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Tales of Wyre


The Nodality - Part 2

Originally posted by Sepulchrave II on 07-31-2002

It was a gambit, but moving everybody through the portal opened by Mostin’s mirror would have taken too long, and would have left them vulnerable during the period that it remained open. Instead, they appeared in three teams, organized for mutual support, triangulated around the crypt in which Feezuu and her allies were located.

Mulissu teleported into the northwest of the chamber with her own daughter, whilst Mostin appeared in the northeast with Ortwin and Tahl. Eadric and Nwm charged through the portal from the south.

They appeared simultaneously. All were acting with uncanny speed.

Iua immediately leapt forwards and began an earnest assault upon Uzmi, caught off-guard by the duelist’s awesome precision and reflexes. Ortwin and Eadric, from opposite directions, both sprang at Feezuu. Nwm, in the form of an enormous bear, leapt at the ape-like Bar-Lgura.

The first thing that Mostin did, after Eadric and Nwm were clear, was to erect a wall of force around the extradimensional opening. The idea of Feezuu – or any other fiend present – escaping back through it (and into his study) without effort would have been too much. He looked around quickly: neither the Succubus nor the Goristro appeared to be present. All of the others were..

Mulissu, desiring to return to her work as quickly as possible, decided that the easiest thing to do would be to Gate in a Solar. A Prismatic Spray issued from her hand, striking several Dretch down quickly. To target anything else with the spell would risk affecting allies.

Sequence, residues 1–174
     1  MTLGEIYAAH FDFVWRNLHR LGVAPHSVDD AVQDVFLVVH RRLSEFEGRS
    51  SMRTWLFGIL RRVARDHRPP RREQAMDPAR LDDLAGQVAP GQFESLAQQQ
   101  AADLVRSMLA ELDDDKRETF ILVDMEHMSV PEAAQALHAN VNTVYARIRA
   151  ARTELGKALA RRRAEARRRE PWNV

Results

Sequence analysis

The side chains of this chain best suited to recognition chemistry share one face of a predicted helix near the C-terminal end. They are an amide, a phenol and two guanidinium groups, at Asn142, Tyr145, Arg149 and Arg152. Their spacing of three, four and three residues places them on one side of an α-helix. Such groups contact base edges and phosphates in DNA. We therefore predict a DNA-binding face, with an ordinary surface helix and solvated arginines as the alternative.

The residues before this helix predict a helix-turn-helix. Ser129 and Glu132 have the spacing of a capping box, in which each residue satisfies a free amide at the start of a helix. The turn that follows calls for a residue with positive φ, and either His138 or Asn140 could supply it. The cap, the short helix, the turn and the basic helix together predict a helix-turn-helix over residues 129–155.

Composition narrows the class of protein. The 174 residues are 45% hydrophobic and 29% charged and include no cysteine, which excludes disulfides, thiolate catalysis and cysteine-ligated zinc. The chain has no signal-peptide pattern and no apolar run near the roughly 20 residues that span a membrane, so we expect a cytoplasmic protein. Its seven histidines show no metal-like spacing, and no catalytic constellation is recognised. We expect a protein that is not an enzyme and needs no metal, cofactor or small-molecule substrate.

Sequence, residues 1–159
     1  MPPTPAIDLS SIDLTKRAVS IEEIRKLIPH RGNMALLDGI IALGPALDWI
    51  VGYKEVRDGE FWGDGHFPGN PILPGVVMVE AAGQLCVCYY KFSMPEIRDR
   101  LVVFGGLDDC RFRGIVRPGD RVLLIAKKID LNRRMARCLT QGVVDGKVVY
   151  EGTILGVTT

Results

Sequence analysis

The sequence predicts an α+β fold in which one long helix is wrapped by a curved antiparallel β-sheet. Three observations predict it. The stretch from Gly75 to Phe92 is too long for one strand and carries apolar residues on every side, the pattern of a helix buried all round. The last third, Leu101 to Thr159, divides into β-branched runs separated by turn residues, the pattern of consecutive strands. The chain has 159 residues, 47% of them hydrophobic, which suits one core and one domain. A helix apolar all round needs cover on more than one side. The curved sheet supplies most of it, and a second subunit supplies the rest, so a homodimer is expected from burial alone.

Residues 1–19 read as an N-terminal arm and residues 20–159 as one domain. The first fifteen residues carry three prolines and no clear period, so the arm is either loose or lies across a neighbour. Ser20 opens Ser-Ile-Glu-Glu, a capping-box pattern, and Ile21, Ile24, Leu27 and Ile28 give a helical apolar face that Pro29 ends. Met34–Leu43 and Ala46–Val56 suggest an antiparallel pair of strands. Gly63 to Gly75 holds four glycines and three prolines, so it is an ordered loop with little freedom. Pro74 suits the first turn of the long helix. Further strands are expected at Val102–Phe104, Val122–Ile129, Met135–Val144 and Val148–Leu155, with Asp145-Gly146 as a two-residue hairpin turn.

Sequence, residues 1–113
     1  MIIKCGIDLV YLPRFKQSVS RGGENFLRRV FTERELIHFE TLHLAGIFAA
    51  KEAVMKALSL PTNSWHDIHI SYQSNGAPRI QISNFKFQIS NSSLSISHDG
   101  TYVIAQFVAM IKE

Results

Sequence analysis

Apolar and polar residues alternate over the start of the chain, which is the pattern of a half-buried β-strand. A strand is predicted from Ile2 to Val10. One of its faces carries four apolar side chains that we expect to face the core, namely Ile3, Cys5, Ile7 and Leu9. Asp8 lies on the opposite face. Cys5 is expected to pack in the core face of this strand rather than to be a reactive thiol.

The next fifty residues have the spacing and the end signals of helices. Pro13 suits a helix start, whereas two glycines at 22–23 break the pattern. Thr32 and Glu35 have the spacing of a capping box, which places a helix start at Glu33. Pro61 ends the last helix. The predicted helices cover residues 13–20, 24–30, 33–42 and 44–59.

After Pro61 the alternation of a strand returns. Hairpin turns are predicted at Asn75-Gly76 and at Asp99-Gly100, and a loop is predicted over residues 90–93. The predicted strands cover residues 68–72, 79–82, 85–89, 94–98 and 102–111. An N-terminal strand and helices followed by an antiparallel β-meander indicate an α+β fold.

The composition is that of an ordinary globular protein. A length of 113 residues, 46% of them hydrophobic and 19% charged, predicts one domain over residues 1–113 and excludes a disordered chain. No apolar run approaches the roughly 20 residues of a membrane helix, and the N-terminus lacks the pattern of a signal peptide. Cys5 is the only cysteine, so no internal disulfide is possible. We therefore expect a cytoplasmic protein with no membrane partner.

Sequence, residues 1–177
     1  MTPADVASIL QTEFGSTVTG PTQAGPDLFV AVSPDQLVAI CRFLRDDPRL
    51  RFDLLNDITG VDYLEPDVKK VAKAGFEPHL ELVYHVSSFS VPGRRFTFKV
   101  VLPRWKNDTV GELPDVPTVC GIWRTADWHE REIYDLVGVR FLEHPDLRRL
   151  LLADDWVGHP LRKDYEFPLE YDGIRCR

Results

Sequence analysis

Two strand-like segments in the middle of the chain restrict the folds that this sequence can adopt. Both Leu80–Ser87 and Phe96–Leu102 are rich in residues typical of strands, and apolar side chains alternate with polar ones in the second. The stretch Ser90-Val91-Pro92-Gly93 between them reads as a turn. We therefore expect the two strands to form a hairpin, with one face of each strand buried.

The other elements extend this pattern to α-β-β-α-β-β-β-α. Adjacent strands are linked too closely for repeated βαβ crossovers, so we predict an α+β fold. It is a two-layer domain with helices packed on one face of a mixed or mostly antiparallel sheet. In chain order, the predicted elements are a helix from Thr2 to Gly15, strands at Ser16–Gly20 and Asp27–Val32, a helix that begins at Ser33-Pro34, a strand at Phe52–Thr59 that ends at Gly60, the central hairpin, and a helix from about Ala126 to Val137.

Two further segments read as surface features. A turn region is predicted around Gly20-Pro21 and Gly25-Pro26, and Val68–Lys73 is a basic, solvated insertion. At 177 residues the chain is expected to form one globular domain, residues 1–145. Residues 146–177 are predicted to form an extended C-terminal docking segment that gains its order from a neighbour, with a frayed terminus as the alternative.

Light flooded into the sepulchre as the Celestial manifested.

"Holy sh*t," said Ortwin, hewing at Feezuu.

Eadric smiled. "Good choice," he shouted, and hewed at Feezuu. White light erupted from his blade.

Oh, no, thought Mostin.

"Eliminate nearby fiends," Mulissu commanded the Solar. "Big ones first."

The Solar nodded, and suddenly vanished, which was, initially, somewhat confusing.

Tahl invoked a Righteous Might and grew to a height of twelve feet. He drew upon the power of the Eye of Palamabron and invoked a Zone of Revelation – his intention being to reveal any invisible fiends which were present. The sight that it unveiled was terrifying: the ether around them was alive with demons, their misty shapes hewing at the Archon, Zhuel, who had Teleported to the area of the Ethereal Plane coterminous with Eadric. The Solar was suddenly revealed engaging with them.

Iua had adopted a screening position, and was thrusting repeatedly at the Marilith, her enhanced blade easily penetrating the demoness’s natural defenses. Uzmi had still not reacted.

Feezuu herself, however, had mastered her confusion quickly. Reeling from the initial assault by Eadric and Ortwin, and perceiving that her death was imminent unless she acted quickly, she cast a Dimension Door and vanished.

"Naaaargh!" Mostin screamed.

Ortwin span around, brandishing Githla and his pick, leapt forwards, and ripped with devastating power into Uzmi’s flank. His scimitar whirled and an enormous BOOM echoed through the crypt as his pick plunged deep into the torso of the Demoness. She collapsed.

Eadric turned and, with three great strokes, cut one of the Bar-Lgura down. Nwm, his jaws and claws enhanced, shredded the other ape-demon and ripped its head off with his teeth.

A voice whispered in Mostin’s ear. "Protect me, Alienist. Save me from the Paladin." The succubus, Kalkja, had appeared behind him.

"Not bloody likely," Mostin said, shaking off the enchantment. He struck her with the primary Sonic from his enhanced chain lightning, with secondary arcs crashing down and eliminating all of the remaining Dretch. Kalkja was badly mangled, but Mostin ignored her. He cast a Discern Location followed by a quickened Dimension Door and vanished.

"What the…?" Ortwin grumbled. "Nice one Mostin! Just piss off and leave us, why don’t you?" But there was nothing left standing in the crypt except the Succubus and two quasits – at least on the Prime Plane.